Colin Powell, first Black secretary of state, dies from COVID-19 complications

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WASHINGTON – Colin Powell, the trailblazing military commander and first Black secretary of state whose career was defined in part by America's two wars with Iraq, died Monday of COVID-19-related complications. Powell reportedly had been diagnosed with multiple myeloma, a form of blood cancer that makes it difficult to fight infections.

Powell, 84, was born in New York City to Jamaican immigrants, served four U.S. presidents and rose to become the first African American and the youngest chairman of the Joint Chiefs of Staff, the nation's highest-ranking military officer. He died Monday at Walter Reed National Medical Center. His family said he was fully vaccinated against COVID-19.

"We have lost a remarkable and loving husband, father, grandfather and a great American," Powell's family said in its statement.

The news of his death rippled across the country, sparking an outpouring of grief and praise for his decades of public service.

"Colin embodied the highest ideals of both warrior and diplomat," President Joe Biden said in a statement. "He was committed to our nation’s strength and security above all."

Defense Secretary Lloyd Austin called Powell "a tremendous personal friend and mentor to me."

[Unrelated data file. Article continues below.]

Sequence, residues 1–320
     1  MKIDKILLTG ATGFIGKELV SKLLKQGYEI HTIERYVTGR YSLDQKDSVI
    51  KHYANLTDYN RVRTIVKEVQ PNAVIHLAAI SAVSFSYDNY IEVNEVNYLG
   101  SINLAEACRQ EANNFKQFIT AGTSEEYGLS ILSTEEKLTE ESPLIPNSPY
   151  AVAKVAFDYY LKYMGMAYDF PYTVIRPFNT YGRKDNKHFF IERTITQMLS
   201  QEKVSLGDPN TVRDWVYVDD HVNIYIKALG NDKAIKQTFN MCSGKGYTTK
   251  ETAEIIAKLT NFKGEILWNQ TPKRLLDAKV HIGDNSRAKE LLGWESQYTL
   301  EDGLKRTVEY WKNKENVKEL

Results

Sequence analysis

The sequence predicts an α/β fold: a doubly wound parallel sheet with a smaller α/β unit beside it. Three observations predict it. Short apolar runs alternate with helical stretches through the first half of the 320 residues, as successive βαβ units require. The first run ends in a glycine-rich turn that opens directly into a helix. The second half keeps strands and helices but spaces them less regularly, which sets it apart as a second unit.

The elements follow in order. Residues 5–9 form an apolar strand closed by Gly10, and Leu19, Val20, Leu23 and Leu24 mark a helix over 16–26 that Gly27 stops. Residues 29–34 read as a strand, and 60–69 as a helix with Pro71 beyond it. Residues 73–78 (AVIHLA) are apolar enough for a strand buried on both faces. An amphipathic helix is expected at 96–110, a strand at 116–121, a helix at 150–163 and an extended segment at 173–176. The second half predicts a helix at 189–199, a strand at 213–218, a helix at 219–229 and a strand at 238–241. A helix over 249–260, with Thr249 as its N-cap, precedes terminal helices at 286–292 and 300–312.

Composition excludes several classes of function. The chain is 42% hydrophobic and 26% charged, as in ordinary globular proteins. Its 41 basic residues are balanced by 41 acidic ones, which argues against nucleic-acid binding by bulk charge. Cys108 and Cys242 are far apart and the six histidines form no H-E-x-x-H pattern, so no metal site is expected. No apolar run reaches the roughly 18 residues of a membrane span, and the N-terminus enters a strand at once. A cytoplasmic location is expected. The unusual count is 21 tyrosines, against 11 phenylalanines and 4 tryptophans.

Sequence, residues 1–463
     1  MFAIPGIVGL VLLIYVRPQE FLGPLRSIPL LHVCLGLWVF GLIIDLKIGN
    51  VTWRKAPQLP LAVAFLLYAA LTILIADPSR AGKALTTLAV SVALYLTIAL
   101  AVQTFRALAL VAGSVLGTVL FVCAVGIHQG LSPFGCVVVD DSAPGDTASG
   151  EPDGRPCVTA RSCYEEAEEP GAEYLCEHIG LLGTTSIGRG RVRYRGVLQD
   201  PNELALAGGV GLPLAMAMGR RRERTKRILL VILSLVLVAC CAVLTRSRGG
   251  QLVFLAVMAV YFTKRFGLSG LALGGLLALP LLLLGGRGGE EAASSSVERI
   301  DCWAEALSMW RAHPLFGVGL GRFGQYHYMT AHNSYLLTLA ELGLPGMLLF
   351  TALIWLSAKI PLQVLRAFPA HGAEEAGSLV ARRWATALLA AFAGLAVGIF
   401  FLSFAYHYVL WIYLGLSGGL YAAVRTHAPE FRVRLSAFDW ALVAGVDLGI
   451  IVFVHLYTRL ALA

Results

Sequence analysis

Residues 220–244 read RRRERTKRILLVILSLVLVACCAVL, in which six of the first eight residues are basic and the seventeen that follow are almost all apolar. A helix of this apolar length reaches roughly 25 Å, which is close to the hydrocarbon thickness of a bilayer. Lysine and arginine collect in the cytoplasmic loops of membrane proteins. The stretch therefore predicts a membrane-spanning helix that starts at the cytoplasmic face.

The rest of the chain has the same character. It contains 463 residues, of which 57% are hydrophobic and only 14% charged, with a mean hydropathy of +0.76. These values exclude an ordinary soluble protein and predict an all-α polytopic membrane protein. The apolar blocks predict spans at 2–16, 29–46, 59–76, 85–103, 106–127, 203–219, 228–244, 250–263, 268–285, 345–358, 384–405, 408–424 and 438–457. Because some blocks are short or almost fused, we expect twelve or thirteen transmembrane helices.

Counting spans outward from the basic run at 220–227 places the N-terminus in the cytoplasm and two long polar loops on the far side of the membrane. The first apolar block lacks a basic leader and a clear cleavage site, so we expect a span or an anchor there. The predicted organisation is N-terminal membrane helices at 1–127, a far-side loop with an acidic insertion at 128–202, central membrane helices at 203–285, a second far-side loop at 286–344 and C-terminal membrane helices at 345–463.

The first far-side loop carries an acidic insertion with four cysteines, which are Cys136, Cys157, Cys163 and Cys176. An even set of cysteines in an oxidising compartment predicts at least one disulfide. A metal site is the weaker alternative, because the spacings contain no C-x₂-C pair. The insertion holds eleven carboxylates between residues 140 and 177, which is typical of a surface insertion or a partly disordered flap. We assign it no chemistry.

"There’s a hole in my heart right now as I think about his loss," Austin said. "I will miss him dearly."

Powell served two combat tours in Vietnam before climbing the ranks and overseeing the first Gulf War in 1990-1991, when American and allied forces drove Iraq's invading military from Kuwait. Powell's distinguished military career was later tarnished by his tenure as the nation's chief diplomat when President George W. Bush led the U.S. into the second Iraq war in 2003, based on faulty assertions that Saddam Hussein's government had weapons of mass destruction.

Powell later called that a "blot" on his career.

Military service

Powell was born in 1937 in Harlem and grew up in the South Bronx. At 16, he enrolled in the City College of New York and joined the Army ROTC.

When he put on his first uniform, “I liked what I saw,” he wrote in his 1995 autobiography, “My American Journey.”

Powell served in Vietnam in 1962 as an adviser to a South Vietnamese infantry battalion and then again in 1968 as a battalion executive officer and assistant chief of staff of operations. During his second tour, Powell received the Soldier’s Medal for rescuing fellow soldiers from a burning helicopter despite being injured himself.